Does moving to Toronto actually help your band?

Whether artists in other cities want to admit it or not, Toronto is the centre of Canada’s musical universe, with a gravitational pull that attracts bands from across the country. But do many of the musicians who move here, either for business or pleasure, actually benefit from the city’s plentiful industry connections? We spoke to three Toronto transplants about how living here has impacted their careers.

Tough Age

Since founding members (and husband/wife) Jarrett Samson and Penny Clark relocated from Vancouver in 2015, garage rockers Tough Age have undergone a transformation: they have a new three-piece lineup with local drummer Jesse Locke and a spiky, streamlined album called Shame, out October 20 on Mint. 

Samson: “I think a lot of people move to Toronto because it’s going to help their band, with the idea that it’s the industry hotbed in Canada. Music industry stuff wasn’t what drew me. It’s maybe the thing I hate most in the world, and I regret having to be part of it every day. 

“We picked Toronto because we knew people here. I wanted a change. And also, where else are you going to go? 

“I moved being totally bitter, and then once I opened my mind, I realized there are a lot of people here who are also bitter and using that to channel what they’re doing for the best. There’s stuff like Faith/Void and the people running Not Dead Yet, and bands I’ve found super-inspiring: Hooded Fang, New Fries, U.S. Girls, the Highest Order and Fiver. Lido Pimienta winning Polaris is amazing. 

“So once I embraced the idea of this band being in Toronto, [I realized] the reason I moved to Toronto is because Toronto rules.” 

Hannah Georgas

Mark Cohene

Hannah Georgas

Singer/songwriter Hannah Georgas got her break in Vancouver, but she originally hails from Newmarket. She moved to Toronto in 2015 and released her For Evelyn album the following year. She’s currently writing her fourth full-length and plays Dream Serenade at Massey Hall on November 11.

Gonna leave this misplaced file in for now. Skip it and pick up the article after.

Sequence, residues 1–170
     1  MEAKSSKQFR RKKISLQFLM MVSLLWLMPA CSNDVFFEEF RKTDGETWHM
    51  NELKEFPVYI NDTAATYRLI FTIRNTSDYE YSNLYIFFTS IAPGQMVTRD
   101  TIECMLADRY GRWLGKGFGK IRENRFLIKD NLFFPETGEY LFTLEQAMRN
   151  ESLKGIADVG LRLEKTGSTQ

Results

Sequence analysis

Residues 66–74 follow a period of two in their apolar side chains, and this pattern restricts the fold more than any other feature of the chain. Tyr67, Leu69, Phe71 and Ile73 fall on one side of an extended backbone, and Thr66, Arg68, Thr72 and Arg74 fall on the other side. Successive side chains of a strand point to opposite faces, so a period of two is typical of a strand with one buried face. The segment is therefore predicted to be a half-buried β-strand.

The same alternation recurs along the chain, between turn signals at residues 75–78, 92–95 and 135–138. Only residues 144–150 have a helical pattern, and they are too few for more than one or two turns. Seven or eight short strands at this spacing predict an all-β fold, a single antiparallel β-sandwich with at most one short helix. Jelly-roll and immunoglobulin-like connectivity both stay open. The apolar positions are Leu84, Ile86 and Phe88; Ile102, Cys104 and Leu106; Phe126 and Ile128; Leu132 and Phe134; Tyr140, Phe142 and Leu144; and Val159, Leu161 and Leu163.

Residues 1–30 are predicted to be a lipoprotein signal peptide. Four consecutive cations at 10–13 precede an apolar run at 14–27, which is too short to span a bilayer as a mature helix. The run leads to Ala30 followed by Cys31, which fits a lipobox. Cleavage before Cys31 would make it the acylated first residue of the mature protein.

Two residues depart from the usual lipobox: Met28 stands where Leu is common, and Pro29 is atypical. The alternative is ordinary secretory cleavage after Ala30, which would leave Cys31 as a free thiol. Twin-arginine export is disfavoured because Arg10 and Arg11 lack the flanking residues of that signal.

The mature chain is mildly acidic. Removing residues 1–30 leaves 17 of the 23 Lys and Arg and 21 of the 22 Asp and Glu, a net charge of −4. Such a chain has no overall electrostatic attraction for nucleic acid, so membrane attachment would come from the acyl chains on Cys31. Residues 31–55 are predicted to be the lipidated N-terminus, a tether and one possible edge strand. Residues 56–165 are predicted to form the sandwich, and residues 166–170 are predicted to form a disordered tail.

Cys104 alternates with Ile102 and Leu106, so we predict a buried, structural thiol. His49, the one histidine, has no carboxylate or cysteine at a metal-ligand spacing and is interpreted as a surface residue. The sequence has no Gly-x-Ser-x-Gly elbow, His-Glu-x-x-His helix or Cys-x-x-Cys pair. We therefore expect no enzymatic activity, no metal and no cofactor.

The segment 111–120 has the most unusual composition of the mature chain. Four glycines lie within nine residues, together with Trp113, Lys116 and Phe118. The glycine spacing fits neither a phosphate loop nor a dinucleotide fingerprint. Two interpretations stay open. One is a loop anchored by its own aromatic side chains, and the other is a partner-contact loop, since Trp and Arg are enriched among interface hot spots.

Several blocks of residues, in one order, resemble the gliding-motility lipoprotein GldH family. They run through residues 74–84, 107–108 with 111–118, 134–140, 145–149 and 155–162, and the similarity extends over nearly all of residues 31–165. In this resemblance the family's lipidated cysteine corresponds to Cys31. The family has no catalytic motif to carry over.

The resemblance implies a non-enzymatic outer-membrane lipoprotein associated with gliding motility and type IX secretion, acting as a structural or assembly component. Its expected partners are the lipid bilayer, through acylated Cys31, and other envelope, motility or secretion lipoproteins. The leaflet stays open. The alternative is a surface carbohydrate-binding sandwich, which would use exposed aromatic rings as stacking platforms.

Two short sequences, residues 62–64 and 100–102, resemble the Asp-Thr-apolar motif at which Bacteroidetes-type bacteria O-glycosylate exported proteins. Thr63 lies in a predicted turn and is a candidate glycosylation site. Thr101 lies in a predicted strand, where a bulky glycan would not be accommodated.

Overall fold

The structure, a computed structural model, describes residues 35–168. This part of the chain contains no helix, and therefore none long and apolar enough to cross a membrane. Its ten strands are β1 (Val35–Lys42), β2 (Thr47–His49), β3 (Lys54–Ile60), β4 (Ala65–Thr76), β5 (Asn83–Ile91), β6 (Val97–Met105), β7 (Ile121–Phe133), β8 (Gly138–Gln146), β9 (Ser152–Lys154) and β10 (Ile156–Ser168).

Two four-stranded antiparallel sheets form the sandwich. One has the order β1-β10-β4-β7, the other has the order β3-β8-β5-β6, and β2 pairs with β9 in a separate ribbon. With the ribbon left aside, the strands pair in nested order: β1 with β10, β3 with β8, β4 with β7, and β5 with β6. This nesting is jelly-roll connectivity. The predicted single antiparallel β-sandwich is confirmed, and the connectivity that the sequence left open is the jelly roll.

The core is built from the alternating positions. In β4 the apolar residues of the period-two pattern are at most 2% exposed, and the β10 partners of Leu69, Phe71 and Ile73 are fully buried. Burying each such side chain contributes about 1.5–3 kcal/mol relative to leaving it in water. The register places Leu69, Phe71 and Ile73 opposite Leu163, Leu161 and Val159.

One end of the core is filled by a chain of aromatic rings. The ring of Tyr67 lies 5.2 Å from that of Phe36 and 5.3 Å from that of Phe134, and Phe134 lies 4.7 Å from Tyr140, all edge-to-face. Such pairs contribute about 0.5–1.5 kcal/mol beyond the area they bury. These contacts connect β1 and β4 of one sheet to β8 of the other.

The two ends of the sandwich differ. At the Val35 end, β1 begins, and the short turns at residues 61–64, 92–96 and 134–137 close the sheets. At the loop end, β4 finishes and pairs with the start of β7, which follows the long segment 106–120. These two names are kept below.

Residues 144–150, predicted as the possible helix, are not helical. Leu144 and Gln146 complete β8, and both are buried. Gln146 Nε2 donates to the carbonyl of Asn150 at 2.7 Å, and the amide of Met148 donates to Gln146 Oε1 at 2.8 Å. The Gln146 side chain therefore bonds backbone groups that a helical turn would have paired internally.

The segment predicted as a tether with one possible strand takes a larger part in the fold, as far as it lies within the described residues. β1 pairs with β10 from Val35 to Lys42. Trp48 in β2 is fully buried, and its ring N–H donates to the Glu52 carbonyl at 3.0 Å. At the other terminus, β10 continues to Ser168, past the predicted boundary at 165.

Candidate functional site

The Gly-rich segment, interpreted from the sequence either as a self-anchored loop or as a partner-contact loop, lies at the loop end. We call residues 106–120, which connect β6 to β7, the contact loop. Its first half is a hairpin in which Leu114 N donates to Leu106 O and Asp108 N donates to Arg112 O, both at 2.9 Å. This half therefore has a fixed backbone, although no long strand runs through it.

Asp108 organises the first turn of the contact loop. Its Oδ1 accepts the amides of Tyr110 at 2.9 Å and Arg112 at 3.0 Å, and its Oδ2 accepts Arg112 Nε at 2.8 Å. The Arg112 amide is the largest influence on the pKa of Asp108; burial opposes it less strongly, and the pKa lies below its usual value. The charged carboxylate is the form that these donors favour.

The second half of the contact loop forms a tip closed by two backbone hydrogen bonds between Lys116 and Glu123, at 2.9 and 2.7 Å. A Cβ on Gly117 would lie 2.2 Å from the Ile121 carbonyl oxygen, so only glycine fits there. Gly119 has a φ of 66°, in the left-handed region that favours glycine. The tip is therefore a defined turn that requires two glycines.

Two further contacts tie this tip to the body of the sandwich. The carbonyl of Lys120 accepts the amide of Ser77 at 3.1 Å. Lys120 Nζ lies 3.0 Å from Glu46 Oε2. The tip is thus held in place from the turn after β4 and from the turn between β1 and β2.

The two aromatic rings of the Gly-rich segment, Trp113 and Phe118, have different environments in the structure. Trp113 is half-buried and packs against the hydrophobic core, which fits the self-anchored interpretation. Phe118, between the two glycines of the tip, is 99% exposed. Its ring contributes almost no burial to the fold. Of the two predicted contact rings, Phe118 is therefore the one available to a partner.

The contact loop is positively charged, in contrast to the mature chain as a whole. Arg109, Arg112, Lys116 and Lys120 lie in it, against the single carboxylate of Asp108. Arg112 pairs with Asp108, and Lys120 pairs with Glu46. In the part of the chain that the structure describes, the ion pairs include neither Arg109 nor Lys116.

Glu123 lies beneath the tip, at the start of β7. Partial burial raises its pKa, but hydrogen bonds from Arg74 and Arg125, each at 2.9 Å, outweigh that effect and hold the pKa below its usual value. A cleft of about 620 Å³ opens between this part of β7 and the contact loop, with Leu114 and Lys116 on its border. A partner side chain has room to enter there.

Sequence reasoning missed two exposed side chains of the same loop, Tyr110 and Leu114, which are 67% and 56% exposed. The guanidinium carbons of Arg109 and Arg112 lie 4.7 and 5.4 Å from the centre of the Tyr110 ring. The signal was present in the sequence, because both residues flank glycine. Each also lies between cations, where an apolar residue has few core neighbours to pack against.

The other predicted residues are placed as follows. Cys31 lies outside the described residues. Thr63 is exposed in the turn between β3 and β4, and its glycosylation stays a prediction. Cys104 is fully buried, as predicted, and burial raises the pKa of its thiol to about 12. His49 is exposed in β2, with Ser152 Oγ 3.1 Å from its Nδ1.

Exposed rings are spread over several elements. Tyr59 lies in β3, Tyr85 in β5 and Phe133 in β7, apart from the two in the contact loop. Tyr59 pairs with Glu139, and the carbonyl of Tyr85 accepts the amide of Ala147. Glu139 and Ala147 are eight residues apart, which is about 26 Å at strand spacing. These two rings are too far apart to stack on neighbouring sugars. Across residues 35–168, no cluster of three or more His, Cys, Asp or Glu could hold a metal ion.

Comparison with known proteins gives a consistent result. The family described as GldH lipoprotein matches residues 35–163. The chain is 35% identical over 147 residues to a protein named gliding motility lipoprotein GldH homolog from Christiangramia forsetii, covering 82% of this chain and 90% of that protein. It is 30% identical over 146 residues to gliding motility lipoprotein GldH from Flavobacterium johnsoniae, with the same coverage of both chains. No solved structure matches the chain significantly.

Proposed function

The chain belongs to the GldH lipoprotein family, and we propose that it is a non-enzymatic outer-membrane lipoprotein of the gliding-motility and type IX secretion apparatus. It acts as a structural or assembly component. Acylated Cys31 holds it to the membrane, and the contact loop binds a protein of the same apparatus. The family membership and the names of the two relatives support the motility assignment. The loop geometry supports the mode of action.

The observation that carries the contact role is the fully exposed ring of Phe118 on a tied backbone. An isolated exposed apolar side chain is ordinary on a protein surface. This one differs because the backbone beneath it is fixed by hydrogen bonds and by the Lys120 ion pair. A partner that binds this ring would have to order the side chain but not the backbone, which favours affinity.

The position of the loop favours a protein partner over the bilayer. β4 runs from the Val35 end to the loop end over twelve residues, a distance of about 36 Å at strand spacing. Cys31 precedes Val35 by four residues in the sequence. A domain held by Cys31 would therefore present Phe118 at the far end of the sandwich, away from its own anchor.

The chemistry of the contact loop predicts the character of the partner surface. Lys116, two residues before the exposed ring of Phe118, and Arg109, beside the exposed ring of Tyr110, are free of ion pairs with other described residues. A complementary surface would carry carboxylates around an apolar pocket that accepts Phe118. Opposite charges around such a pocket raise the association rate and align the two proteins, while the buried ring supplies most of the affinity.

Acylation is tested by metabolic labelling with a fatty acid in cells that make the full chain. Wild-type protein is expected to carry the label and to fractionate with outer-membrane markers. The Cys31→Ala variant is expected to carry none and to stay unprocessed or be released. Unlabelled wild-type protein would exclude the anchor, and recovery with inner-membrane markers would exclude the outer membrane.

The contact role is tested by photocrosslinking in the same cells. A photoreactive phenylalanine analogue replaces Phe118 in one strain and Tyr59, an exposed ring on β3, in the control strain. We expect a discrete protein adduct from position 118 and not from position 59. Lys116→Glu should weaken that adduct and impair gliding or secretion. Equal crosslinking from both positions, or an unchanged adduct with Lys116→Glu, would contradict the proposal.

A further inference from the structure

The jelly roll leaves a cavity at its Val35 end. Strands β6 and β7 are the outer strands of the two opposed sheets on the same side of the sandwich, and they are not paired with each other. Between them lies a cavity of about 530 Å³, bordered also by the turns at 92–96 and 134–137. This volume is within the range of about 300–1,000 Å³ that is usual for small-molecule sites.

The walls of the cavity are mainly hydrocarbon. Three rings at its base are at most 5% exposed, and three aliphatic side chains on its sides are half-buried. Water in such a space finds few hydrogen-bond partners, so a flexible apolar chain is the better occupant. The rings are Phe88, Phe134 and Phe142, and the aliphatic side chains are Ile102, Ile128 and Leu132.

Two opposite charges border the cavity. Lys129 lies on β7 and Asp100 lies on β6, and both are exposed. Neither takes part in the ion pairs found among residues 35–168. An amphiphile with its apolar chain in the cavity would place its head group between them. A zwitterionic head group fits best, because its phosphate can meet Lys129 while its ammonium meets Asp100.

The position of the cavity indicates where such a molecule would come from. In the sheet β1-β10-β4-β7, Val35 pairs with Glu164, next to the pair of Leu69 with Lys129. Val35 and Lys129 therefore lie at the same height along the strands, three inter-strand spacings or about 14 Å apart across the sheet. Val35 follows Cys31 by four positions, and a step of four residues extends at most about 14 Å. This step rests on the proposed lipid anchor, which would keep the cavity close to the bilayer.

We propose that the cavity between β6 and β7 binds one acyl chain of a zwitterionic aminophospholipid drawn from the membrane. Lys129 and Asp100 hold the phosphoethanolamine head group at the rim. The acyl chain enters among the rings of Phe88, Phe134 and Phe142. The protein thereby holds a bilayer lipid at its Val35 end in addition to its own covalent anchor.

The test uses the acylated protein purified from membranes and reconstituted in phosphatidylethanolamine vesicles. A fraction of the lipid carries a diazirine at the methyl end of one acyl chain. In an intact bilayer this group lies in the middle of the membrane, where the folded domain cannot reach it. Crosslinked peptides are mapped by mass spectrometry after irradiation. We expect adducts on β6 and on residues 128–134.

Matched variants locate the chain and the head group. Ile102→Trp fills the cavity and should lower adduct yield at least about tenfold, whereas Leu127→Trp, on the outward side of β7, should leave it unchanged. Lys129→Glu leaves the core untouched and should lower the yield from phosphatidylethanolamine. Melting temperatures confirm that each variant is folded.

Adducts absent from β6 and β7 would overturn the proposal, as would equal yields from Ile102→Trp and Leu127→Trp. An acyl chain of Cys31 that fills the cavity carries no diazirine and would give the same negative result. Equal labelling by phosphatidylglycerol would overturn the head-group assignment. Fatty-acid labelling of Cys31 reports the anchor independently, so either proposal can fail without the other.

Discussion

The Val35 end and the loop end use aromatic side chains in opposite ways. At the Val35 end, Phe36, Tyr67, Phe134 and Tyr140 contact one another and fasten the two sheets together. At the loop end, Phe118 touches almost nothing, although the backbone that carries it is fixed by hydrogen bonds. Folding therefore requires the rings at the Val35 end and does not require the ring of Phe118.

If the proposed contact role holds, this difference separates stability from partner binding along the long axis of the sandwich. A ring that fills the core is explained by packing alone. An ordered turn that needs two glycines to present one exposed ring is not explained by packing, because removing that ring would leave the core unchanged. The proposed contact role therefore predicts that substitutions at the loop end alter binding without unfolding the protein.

Georgas: “I was out West for almost 12 years. The music scene at the time was really great, and it felt like I had a lot of support. I started working on records with Graham Walsh [from Holy Fuck] and making big trips out to Toronto and spending a couple months here and there. 

“I’m also originally from just outside of Toronto – Newmarket – and I was missing my mom a lot. Every time I came out here, I felt really inspired and I was meeting lots of people in the industry. My team was out here, and I felt like I was really active and out a lot. I got a taste of the city in a different way and felt there was an energy that was happening – something I wanted to be a part of more.” 

Cadence Weapon

Coey Kerr

Cadence Weapon

Cadence Weapon was named Edmonton’s poet laureate in 2009, but the rapper born Roland Pemberton also spent several years living in Montreal before moving to Toronto two years ago. His self-titled album is out in November and includes a Toronto-inspired song about the condo boom.

Pemberton: “The reason I moved to Toronto wasn’t for my music or anything business-related – it was because my girlfriend got a job here. I didn’t really think about how it would affect me until I got here and started experiencing things.

“Montreal is this amazing creative haven. The cost of living is so low, it’s amazing. But when it comes to working on music and finishing projects – and also knowing about what’s going on in the rest of Canada and having people be aware of you – I was having some issues.

“Since I’ve lived here, it’s been exponential growth for me in so many different ways. I’ve got a new record deal with eOne and I’ve gotten all these great opportunities for things that aren’t even just music. The little accidents that can happen just from walking into the right room – that only happens if you’re where the industry is, and for me, being a rapper, that’s Toronto.” | @chippedhip

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